Monday 17th June 2019
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The New Zealand dollar was slightly stronger as the market awaited further developments affecting global trade and on other geopolitical fronts such as the attacks last week on oil tankers in the Gulf of Oman.
The kiwi was trading at 65.06 US cents at 5pm in Wellington from 64.91 at 8am and 64.89 in New York on Friday. The trade-weighted index edged up to 71.74 points from 71.61.
“We’ve drifted gradually higher over the course of the day. It seems appropriate, given the sharp decline on Friday,” says Mike Shirley, a dealer at Kiwibank.
The domestic currency had been trading at 65.65 US cents early in the Friday session.
A lot of negative news broke towards the end of and after local trading on Friday, including the United States accusing Iran of conducting the tanker attacks, India imposing retaliatory tariffs on US imports and ongoing news about the impact of the China/US trade war.
“But none of those weighed on sentiment after our market opened,” Shirley says. In addition, the 65 US cent level had previously been a strong resistance point, he says.
US officials appear to be frustrated that long-standing allies, including Germany and Japan, have requested stronger evidence linking Iran to the tanker attacks, a degree of scepticism that underlines the deterioration in relationships during President Donald Trump’s term.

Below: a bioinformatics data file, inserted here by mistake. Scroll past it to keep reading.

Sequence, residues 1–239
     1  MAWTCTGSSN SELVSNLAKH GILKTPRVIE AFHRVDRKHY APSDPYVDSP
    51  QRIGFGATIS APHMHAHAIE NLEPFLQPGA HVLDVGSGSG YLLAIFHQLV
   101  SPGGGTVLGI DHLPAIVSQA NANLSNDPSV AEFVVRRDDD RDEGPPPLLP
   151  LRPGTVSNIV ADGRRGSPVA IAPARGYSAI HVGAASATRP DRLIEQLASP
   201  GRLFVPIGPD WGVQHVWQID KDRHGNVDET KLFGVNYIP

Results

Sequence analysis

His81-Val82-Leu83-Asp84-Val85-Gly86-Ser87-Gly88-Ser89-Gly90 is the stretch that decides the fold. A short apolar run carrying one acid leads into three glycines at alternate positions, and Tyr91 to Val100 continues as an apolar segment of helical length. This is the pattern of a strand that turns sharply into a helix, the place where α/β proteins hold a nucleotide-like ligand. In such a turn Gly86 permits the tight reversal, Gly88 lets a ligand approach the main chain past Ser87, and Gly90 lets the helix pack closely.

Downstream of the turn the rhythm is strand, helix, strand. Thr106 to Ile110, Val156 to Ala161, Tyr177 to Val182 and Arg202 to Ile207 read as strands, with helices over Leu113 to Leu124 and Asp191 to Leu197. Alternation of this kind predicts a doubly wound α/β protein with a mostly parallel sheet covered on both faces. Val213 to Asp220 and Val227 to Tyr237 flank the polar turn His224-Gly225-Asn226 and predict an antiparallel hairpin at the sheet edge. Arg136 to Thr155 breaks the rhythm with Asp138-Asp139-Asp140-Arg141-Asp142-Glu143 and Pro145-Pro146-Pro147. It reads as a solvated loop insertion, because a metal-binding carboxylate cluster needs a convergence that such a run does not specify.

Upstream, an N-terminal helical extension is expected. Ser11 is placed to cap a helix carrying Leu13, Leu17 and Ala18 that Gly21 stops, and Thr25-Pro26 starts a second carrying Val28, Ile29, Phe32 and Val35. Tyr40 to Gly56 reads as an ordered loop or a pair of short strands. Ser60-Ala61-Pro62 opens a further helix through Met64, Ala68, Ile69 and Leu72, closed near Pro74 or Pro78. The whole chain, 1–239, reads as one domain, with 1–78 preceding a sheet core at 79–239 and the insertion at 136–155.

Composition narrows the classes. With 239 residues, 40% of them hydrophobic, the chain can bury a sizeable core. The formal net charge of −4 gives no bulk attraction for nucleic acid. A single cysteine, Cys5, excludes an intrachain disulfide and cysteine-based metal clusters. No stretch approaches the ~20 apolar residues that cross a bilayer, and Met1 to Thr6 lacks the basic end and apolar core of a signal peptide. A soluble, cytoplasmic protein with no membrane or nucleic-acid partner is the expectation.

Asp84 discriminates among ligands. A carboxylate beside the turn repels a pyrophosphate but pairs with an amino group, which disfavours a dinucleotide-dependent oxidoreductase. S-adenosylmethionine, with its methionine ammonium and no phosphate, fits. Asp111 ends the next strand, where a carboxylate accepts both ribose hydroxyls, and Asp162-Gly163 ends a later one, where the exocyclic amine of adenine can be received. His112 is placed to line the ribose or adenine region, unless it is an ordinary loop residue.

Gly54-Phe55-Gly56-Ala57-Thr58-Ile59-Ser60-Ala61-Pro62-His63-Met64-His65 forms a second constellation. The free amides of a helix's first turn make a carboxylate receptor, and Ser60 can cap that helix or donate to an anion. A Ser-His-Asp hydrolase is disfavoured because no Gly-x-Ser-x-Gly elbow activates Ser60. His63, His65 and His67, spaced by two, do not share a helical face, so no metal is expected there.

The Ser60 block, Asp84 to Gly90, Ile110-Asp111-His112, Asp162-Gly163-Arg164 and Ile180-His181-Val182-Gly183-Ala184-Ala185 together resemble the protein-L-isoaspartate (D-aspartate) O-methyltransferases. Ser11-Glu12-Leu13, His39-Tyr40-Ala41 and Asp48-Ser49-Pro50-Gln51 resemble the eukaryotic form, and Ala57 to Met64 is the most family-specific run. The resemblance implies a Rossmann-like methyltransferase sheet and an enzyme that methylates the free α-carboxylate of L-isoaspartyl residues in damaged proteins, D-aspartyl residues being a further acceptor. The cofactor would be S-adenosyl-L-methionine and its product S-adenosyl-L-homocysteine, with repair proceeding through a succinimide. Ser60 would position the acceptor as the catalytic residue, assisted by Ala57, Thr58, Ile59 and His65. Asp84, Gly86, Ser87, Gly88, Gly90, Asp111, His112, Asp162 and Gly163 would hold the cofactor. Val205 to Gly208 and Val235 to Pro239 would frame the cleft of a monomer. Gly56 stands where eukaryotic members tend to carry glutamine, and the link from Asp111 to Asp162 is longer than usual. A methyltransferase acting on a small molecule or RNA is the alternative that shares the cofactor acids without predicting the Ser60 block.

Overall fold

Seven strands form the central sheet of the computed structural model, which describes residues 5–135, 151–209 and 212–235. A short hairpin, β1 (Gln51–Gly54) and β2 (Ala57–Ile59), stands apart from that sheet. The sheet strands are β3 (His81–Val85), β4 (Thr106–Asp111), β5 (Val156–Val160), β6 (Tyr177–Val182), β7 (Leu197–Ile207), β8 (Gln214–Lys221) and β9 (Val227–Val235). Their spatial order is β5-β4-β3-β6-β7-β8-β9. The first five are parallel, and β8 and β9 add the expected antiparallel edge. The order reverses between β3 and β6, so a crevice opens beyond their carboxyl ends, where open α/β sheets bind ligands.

Although the captain of the Japanese tanker said it was a “flying object” and not a mine that did the damage, US Secretary of State Mike Pompeo continues to insist that the evidence against Iran is “indisputable” and “unmistakable.”
India’s move to impose tariffs on 28 US products, including almonds and apples, follow Washington’s refusal to exempt it from steel and aluminium tariffs and Trump’s announcement earlier this month that the US was withdrawing India’s preferential trade treatment.
US-India bilateral trade was worth US$142 billion in 2018 and the loss of preferential status will affect US$5.6 billion worth of Indian exports that were previously duty free.
Shirley says the results of this week’s Global Dairy Trade Auction, which will be released early Wednesday, “could take the head out of any kiwi rally that we might see” if prices fall again.
The headline dairy index has fallen in each of the last two auctions, although prices are still up 18 percent so far in 2019.
Otherwise, all eyes will be on the Federal Reserve when it announces its latest monetary policy decision early Thursday, New Zealand time, and on New Zealand’s March quarter GDP data due out at 10:45am on Thursday.
Economists expect the economy expanded 0.6 percent in the three months, faster than the Reserve Bank’s 0.4 percent forecast.
The New Zealand dollar was trading at 94.59 Australian cents from 94.44, at 51.67 British pence from 51.51, at 58.00 euro cents from 57.92, at 70.65 yen from 70.43, and at 4.5046 Chinese yuan from 4.4948.
The New Zealand two-year swap rate edged up to 1.3722 percent from 1.3591 percent on Friday while the 10-year swap rate was unchanged at 1.8300 percent.
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